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10.01.2012

Empathetic Exegesis

 This is the introduction to this Sunday's message. It gives you a peek into how we are working with scripture at Freedom Friends.


And Much Cattle

An Empathetic Message About Jonah
For Freedom Friends Church
Sept 30, 2012

This morning we are going to look at the story of Jonah. It’s a very short story and it won’t take us long, so I want to take the time first to talk a little about how I use scripture and a way of using scripture that we offer here at Freedom Friends Church.


If I am any kind of theologian - I am a narrative theologian. That means that when I talk about God I usually tell stories. I have just found that this works best. People don’t argue with you so much when you can tell a good yarn. I like it because it uses my imagination, which has always seemed like one of the places where I am closest to God.  When I use my imagination to talk about spiritual things, God and I co-create. This is fun.


When I am being a student of the Bible or any other work of theology I try and use the very same imagination from the other end. I try and put myself into the story and listen to see which parts of it resonate with my experience. I try and listen to God while I am in the story and see if God has something for me in it that I wouldn’t have gotten from studying it from the outside. I try and identify with the characters. 


I try and view the world from through the lens of the story rather than view the story from the lens of my world. 

Our Friend Vail Palmer is writing an important book documenting this very thing. He calls it empathetic exegesis. He says that this is how Quakers have used scripture from the beginning. That they identified with the people in Scripture personally and deeply.  Vail suggests that this is a singular way of looking at scripture.  I love this because it frees me from two things I find very frustrating. One is the way I was trained the view the bible - literally. People wanted me to believe that everything in the book happened just in the way it said, and to take the book as a complete and practical guidebook for my life. This started not working for me when I was 7 and used a stack of National Geographics to try and count all the animals and make them all walk to Persia and fit in Noah’s boat. Didn’t work then. Doesn’t work now. And it is a weird guidebook if you try and take it literally - trust me.

 
Then I grew up and found about the modernists and textual critics and at first they offered me some hope. They said I could read the Bible and use my brains. This seemed like a great idea. But they seemed to want to spend enormous amount of brain energy arguing with the literalists, and then with each other, about just exactly how much of the book wasn’t true in any way. They took it apart like a lego castle. I loved the Bible, but I knew I didn’t want to argue about it.  And I couldn’t help but feel like they were missing the boat too.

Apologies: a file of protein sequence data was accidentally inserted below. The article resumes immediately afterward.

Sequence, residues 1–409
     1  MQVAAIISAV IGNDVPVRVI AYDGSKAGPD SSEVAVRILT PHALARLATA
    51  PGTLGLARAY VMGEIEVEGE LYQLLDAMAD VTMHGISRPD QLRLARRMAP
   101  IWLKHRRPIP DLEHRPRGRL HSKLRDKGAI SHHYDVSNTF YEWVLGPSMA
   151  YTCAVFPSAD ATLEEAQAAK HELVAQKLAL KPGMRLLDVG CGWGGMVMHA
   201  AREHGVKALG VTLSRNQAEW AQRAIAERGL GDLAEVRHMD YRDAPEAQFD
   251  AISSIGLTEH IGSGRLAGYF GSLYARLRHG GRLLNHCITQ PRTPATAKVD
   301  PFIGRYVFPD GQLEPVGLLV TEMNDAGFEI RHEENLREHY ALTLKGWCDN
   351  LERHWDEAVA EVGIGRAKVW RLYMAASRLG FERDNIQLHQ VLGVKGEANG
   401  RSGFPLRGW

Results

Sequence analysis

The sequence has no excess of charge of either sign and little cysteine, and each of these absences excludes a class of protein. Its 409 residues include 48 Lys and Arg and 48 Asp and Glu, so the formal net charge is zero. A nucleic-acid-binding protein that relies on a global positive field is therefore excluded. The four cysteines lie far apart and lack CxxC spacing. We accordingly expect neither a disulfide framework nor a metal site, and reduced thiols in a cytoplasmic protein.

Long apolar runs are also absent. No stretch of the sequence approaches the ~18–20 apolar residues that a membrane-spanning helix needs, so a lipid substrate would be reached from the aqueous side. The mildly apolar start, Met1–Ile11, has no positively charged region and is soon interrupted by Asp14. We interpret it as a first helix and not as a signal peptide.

Then  when I had given up on the preachers and professors I met a cowboy poet. And he was always tellin’ tall tales about how God worked in the world through grizzly bears and such. One day after a great story I asked him. Was that story true? And he said. “Pert near true.”  Ooo - this seemed shiny and dangerous, so I asked him. “What does pert near true mean?” And this is what he said. “Pert Near True is a story that is so true that it doesn’t matter a lick whether it ever happened or not.”  That man liberated me that day. Now Vail has come along and is giving me and that poet scholarly back up. I appreciate this.  I appreciated it when they told me that the point of Quakerism was to get back to the very feet of Jesus and let him talk to you, maybe tell you a story. Gave me hope that maybe I could be a Quaker after all.


So this morning this is what I want to invite you to do with me. We are going to crawl inside the old story of Jonah the reluctant prophet, and see if we can find anything true in it for us. See if we can identify with any or all of the characters.  See if we can hear the truth. Whether or not it ever happened.

   
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Comments:
Oh, Friend. This spoke to me today. I'm looking forward to reading more of this. -Mike
 
I didn't know this kind of scriptural interpretation required a new name. It's called "midrash"and has been happening for 2200 years. The root word DRASH means to investigate, to question, to inquire, to dig in. And midrash are the stories behind the stories of the Bible. Sometimes they are from the point of view the characters whose viewpoint is neglected, usually a woman or other disempowered participant -- like Hagar in Abraham's children stories. Other times it's fly-on-the-wall perspective showing the whole picture. It can be the "remez" or inner feelings concealed within the words brought out. Whatever it is, one rabbi said the Bible is "black fire" shining out of "white fire" and it''s our job to see the stories in the white flames/Light and tell them. That's empathic.
 
But I want to hear how you told Jonah's story. It's one of my favorites.
 
Vail tells me that he is much more likely to use the word hermeneutic than exegesis in his book. Hermeneutic is bigger than Exegesis, but he says that my usage is permissible. phew!

 
It's a bigger word, too! Just goes to show I suffer from the same malady as Rufus Jones: when Rufus and a professorial friend visited a meeting and were moved to speak, they used such big words that a dear elderly Friend in her poke bonnet followed by rising and saying, in her quavery voice: "The dear Lord said 'feed my lambs' not 'feed my gi-raffes'!
Thank you, Peggy, for bringing some of my thought down to earth!

Vail
 
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